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Neil Harris decants pure oxygen on board Big Cat Reality.



By Andrew Whitehead

Published in Dive Log Australasia
November 2001


Nitrox is oxygen enriched air, or air with a greater than normal percentage of oxygen.  It is also known as Enriched Air Nitrox (EANx).  Divers who enrol in the Nitrox Diver Specialty course at Absolute Scuba have various motives for completing this course.  These include increased bottom time, reduced chance of DCI, reduced post-dive fatigue and sharper awareness during the dive. The use of Nitrox pushes you towards using better equipment and having a more disciplined approach to diving.  Most of the benefits of using Nitrox can be boiled down to one thing – safety! 


The five students on the September course completed their self-study requirements and arrived for the evening theory session at the shop in Capalaba, Brisbane.  I completed the TDI Nitrox Diver course in June 1997 and have been using Nitrox ever since.  On this occasion, I sat in on the course as Neil Harris delivered TDI’s online presentation, complete with humorous anecdotes and good advice.  Naturally, we covered oxygen toxicity, partial pressures and nitrogen toxicity in some detail. The TDI course is very comprehensive and also includes a few simple formulae, dive planning, blending and analysing gas mixes. 

During the theory session, Neil presented the various bits of equipment that are used in Nitrox diving.  Out came the Nitrox computers, oxygen-cleaned cylinders, DIN valves, high performance regulators and oxygen analysers.  Since most of the students had air computers, they would be able to dive these to their deco limits and still have a safety margin due to the reduced nitrogen in their breathing gas.

Dive Planning

Apart from the practical aspects of analysing your gas mix, filling in the tag on your tank and the log sheets, the basic change to diving preparation is the calculation of your Maximum Operating Depth (MOD) for the particular gas mix in order to minimize the risk of oxygen toxicity.  To avoid errors, we use a simple table which shows the MOD for various oxygen mixes at various partial pressures of oxygen, depending on the circumstances.  As a very careful diver, I always use the recommended maximum partial pressure of 1.4 Bar.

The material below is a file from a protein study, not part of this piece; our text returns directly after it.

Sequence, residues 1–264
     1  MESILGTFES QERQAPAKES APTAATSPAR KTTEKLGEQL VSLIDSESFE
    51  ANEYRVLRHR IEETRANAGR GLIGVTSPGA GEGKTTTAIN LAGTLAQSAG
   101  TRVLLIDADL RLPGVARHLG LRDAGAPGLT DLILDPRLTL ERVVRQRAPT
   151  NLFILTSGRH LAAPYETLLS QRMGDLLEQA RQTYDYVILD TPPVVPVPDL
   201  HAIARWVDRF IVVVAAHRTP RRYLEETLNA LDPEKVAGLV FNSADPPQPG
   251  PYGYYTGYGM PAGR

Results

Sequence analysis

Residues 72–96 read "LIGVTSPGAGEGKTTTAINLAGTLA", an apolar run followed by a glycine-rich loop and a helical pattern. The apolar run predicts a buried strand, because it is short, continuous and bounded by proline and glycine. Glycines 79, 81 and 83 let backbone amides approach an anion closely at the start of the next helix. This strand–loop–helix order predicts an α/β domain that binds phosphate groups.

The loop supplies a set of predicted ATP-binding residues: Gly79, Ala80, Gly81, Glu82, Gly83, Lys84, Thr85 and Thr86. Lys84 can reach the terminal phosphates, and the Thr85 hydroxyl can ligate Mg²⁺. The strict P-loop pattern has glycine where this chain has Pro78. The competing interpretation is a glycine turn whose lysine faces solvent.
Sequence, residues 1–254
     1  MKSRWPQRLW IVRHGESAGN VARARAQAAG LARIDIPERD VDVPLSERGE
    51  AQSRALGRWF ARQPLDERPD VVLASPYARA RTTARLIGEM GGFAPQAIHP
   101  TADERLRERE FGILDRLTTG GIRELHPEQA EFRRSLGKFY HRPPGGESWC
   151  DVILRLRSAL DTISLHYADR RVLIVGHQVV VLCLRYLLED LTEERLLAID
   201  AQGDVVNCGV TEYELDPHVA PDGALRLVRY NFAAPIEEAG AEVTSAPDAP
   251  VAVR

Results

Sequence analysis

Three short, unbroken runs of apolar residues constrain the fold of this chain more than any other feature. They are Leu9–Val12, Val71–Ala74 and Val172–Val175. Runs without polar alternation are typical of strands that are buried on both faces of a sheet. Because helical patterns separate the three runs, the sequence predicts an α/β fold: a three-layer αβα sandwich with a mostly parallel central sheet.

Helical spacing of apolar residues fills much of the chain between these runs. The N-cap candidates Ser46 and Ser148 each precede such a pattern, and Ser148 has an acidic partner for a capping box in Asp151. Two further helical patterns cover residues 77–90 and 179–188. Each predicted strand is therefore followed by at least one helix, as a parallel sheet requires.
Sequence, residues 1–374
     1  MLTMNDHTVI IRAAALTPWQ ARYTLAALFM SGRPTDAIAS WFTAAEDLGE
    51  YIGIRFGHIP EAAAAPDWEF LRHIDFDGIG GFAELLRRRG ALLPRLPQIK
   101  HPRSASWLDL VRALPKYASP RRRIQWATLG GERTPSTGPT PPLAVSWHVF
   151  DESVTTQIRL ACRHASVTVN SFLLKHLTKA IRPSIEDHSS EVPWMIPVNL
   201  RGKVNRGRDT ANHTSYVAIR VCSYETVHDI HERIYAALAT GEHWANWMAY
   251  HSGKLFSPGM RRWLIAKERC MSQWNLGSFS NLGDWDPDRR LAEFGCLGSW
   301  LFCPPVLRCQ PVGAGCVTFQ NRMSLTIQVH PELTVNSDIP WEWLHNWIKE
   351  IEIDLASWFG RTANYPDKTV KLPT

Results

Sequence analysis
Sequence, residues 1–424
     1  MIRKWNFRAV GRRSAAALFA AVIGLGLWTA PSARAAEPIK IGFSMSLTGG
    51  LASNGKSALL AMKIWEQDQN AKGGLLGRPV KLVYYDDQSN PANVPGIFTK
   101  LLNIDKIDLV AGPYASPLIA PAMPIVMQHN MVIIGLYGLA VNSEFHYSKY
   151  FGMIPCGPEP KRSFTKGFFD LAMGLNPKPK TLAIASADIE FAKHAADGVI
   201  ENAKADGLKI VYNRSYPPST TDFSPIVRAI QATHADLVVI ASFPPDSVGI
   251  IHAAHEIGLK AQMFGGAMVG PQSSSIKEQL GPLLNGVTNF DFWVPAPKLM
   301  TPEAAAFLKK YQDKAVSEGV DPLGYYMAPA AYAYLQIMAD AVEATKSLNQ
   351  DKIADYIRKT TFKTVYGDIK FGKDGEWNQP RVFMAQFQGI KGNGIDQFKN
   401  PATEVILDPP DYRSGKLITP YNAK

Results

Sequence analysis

Dive planning using Nitrox can be made very simple.  The most common mixes that people use are 28%, 32%, 36% and 40%.  These allow you to dive to a maximum depth of 40, 34, 29 and 25 metres respectively.  Since I rarely dive below 30 metres, I generally ask for an EANx 36 mix and set my depth alarm accordingly.  Easy!

The Gear

This is a course which involves careful dive planning and the use of quality gear.  During the dives that made up the practical part of the course, the students used 12 litre working capacity (100 cu ft) oxygen-cleaned steel tanks with the distinctive green and yellow Nitrox band.  The tanks all have high pressure DIN valves so they can be filled to their maximum working pressure of 230 Bar.

I went along as a pleasure diver equipped with a 15 litre (120 cu ft) and two 12 litre (100 cu ft) steel tanks, all filled at the shop with EANx 36.  I also took my Poseidon Jetstream and Scubapro G250 Nitrox regulators with analogue gauges attached. In addition, I wore a Nitrox computer on my wrist pre-programmed with this gas mix. A depth alarm at 29 metres limits the partial pressure of oxygen to a maximum of 1.4 Bar when using this mix.  As Bret Gilliam (TDI) says, this is not technical diving, just safe recreational diving.

The Vessel

On Friday night, we met at Newport Waterways, Scarborough, and loaded our gear, and two “G cylinders” of oxygen, on board “Big Cat Reality”. This is a 25 metre, luxury live-aboard vessel which is available for charter to the recreational scuba diving industry as an overnight dive vessel.  Big Cat Reality primarily provides a service on weekends, as a luxury dive charter vessel with facilities to accommodate up to 24 divers and 7 crew including a K180 dive compressor, and rescue vessel.  She has the latest navigation equipment with a professional and experienced crew. Big Cat Reality has a 10 metre beam which provides a large stable dive platform.  This is a good thing because it was going to be windy!

Nitrox Fills

Under Neil’s careful supervision, the students learnt how to calculate the correct amount of pure oxygen to put in their tanks, so that it would end up with the required mix when topped up with air. For example, how much oxygen do you add to a tank to get a 32% mix when the previous dive left it with 70 Bar of EANx 36?  Sounds complicated!  Once again the ‘rocket science’ myth is removed by using a simple table to arrive at the correct answer.